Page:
Another look at historical “stand pipes” (or water towers) from picture postcards from the late-19th and early 20th century. From basic and utilitarian to surprisingly ornate.
This industrial metal structure — possibly in use at a Texas oil refinery? — looks pleasingly futuristic. The winding exterior staircase is a nice touch.
Figs? I don’t even like figs, but I came across a great photo from about 1910 of a young Texas farmer in a derby hat, clutching a fig plant… and the next thing I knew, I was deep into a search for more photos of Texas fig farmers. See what I found.
It’s lassoes vs. electric dynamite guns in this thrilling story of a crazy armored vehicle and a battle with masked desperadoes in Texas!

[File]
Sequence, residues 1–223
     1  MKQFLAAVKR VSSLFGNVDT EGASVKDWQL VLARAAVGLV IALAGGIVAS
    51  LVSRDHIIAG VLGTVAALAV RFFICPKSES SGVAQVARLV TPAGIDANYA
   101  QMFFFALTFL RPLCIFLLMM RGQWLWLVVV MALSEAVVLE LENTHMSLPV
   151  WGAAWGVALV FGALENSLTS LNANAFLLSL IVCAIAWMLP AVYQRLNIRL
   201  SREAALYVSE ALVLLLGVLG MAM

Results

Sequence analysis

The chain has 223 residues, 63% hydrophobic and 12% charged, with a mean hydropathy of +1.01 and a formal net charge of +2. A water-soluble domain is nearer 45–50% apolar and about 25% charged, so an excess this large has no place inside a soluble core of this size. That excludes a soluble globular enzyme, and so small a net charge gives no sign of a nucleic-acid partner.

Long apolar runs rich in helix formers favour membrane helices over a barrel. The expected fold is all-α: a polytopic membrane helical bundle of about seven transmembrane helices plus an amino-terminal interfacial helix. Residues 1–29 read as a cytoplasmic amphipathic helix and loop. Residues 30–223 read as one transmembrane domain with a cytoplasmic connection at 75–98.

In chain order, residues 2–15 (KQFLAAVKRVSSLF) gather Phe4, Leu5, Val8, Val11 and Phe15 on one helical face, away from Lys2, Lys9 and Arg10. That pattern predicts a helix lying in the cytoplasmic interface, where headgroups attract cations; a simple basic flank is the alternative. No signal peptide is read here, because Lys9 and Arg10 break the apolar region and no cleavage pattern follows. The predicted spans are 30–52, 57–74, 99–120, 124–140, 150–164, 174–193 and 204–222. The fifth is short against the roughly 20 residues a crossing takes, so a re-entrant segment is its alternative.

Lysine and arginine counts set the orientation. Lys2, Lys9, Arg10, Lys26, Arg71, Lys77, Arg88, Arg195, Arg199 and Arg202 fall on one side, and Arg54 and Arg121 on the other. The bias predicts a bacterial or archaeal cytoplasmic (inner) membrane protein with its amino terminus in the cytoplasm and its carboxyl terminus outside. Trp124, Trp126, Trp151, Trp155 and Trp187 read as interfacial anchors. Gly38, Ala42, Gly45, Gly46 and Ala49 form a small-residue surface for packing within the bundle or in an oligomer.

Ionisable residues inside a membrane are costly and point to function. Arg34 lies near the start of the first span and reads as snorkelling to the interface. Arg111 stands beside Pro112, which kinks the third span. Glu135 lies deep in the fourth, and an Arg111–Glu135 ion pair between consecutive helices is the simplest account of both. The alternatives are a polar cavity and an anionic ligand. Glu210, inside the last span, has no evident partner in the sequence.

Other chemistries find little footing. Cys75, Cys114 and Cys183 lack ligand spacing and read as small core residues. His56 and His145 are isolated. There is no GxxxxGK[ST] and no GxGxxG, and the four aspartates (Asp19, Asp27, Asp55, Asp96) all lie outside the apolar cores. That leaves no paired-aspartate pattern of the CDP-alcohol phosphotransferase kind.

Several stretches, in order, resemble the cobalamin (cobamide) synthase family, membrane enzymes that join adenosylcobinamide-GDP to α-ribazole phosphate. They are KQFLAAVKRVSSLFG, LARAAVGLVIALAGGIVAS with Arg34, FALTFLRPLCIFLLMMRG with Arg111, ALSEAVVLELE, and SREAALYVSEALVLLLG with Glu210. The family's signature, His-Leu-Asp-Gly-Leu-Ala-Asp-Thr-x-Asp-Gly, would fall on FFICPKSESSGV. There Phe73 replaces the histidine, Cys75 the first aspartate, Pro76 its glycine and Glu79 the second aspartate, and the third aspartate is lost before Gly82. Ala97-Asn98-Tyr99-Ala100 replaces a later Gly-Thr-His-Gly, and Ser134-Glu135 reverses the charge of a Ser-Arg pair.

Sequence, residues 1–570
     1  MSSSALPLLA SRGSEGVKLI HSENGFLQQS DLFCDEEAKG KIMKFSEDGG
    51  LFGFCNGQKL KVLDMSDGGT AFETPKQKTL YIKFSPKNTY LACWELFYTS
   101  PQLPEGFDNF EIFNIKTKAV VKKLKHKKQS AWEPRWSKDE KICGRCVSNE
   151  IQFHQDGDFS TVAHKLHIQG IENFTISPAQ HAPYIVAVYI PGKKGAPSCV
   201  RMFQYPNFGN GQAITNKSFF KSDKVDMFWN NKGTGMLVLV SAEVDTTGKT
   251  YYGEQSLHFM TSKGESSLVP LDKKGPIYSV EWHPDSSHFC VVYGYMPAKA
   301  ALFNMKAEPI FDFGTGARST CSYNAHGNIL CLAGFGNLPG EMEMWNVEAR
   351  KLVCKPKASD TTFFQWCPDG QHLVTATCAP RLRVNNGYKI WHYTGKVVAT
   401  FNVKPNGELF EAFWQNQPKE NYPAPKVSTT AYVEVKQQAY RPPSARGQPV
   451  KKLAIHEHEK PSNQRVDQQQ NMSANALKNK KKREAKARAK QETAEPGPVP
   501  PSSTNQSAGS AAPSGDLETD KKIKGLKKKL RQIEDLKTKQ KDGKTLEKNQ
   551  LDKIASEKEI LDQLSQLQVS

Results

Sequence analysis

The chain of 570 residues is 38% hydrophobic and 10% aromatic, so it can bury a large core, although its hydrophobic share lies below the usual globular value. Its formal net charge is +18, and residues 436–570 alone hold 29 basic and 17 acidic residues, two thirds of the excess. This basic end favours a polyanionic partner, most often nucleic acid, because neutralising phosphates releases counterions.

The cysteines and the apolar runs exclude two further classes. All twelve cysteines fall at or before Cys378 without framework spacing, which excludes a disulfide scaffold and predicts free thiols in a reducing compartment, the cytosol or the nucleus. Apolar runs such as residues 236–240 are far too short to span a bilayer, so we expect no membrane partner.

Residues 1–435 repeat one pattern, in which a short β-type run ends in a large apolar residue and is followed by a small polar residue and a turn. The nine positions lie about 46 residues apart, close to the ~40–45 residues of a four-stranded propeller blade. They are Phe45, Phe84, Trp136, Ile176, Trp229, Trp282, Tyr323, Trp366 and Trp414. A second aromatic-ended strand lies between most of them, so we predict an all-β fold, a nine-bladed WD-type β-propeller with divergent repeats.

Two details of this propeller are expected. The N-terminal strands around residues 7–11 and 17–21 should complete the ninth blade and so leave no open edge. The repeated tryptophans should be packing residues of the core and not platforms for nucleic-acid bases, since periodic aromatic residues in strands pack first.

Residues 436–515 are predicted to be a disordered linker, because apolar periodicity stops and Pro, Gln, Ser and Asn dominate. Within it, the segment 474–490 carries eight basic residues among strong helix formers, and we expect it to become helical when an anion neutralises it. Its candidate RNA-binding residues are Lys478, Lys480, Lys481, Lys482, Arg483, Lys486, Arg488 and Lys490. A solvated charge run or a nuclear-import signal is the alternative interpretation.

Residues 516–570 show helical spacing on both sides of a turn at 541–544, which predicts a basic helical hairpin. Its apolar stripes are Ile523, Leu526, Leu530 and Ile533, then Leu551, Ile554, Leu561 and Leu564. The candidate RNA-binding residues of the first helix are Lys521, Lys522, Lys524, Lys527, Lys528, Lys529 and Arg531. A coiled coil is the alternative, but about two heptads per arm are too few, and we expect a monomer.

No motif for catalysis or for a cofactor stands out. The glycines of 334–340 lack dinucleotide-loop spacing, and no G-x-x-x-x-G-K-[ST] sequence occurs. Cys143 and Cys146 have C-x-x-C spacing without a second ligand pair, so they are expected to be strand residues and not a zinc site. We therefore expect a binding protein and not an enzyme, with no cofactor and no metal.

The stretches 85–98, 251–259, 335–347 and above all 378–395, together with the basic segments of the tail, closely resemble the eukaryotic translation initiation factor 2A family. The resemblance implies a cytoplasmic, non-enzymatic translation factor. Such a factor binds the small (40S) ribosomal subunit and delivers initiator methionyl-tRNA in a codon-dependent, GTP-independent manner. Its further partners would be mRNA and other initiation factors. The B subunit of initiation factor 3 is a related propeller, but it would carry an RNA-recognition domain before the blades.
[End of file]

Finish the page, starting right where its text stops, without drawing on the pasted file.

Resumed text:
The motorcycle was first used in active service by the U.S. military by Gen. “Black Jack” Pershing in order to chase Pancho Villa across rugged terrain — some were outfitted with sidecars and Colt machine guns.
Miss Corinne Baker in her eye-popping windmill dress — perfect from the tip of her kooky hat to the bottom of her windmill-blade skirt. And everything else in between. See the full-length photo inside.
In 1914, Littlefield, Texas was luring investors and settlers to the flat South Plains area of Texas by showing off their successful irrigation wells. More photos of wells (and watermelons!) inside.